When she finds a good stopping point, she exercises with a half-hour workout video, loads some laundry in the washing machine and does other light housework. “That’s the great freedom of it,” says Ms. Aronson, who says she moves from task to task at a leisurely pace. “I literally just do what I need to do or want to do.”

The activities haven’t disturbed her sleeping husband or daughter, who is in first grade. “It’s not like I’m vacuuming,” she says. Around 6 a.m., Ms. Aronson starts making her daughter’s lunch; by 6:30 the family is awake.

Ms. Aronson, who doesn’t drink coffee or any other caffeine, says she is motivated to wake up so early because of how much these hours energize her. She typically goes to bed at 10:30 p.m. and sleeps until 6:30 or 7 a.m. on weekends, Mondays and Fridays. “This probably isn’t long-term,” she says. “No one is making me do it, but I enjoy it because I have time for myself and I’m doing things on my own terms.”

Chris Danuser’s wake-up time: 5:30 a.m.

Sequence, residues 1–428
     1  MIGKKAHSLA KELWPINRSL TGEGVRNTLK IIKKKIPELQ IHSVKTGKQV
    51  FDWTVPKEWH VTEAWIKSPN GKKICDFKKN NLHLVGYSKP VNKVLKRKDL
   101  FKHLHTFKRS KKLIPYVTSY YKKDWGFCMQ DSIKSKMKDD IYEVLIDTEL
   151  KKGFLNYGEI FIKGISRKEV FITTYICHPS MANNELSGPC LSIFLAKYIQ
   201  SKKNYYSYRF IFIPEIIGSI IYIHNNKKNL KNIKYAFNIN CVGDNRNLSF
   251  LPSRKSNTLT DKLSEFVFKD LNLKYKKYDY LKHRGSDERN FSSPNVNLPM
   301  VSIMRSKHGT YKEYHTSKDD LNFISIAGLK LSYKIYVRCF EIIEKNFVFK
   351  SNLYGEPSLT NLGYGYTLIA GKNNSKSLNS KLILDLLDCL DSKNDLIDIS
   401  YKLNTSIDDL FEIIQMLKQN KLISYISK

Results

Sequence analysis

Chris Danuser doesn’t consider himself a morning person. To rise at 5:30 a.m. during the week, he sets the alarm on his phone and leaves it in the bathroom overnight, forcing him quickly out of bed for fear of waking his wife. “That first thought of the day is not about me, it’s about keeping things cool at home,” he says.

Mr. Danuser, a 51-year-old filmmaker and real-estate agent, dresses and heads to his office, which is on the top floor of his Maplewood, N.J., home. There he sits on the couch and meditates for 20 minutes.

By about 6:15 a.m., he is in the kitchen making matcha tea or coffee with blended butter and oil. Preparing either drink involves several steps requiring about 10 minutes, which he appreciates. “It’s very deliberate, you’re not just pushing a button,” he says.

After finishing his morning brew, he does some light stretches, yoga or a rhythmic bounce on a trampoline in the basement. By 7 a.m., Mr. Danuser’s wife, 17-year-old daughter and 10-year-old son are up and ready for breakfast, which he helps prepare. “They never try to join me,” he says of his early-morning routine. “They accept it as part of ‘Dad.’ ”

Mr. Danuser’s days lately are filled with meetings, fundraising and fast-approaching deadlines for a pilot he has written and will produce. Methodical, slow-paced mornings ease his anxiety and frustration and bring focus and organization to his unpredictable days, he says.

Mr. Danuser started rising early about two years ago. “I was 49 and realized I can’t be disorganized and have a lack of focus all my life,” he says. “I figured out that waking up early and having a deliberate morning pattern is something I can control—the control that I capture in the morning sustains me through the whole day.”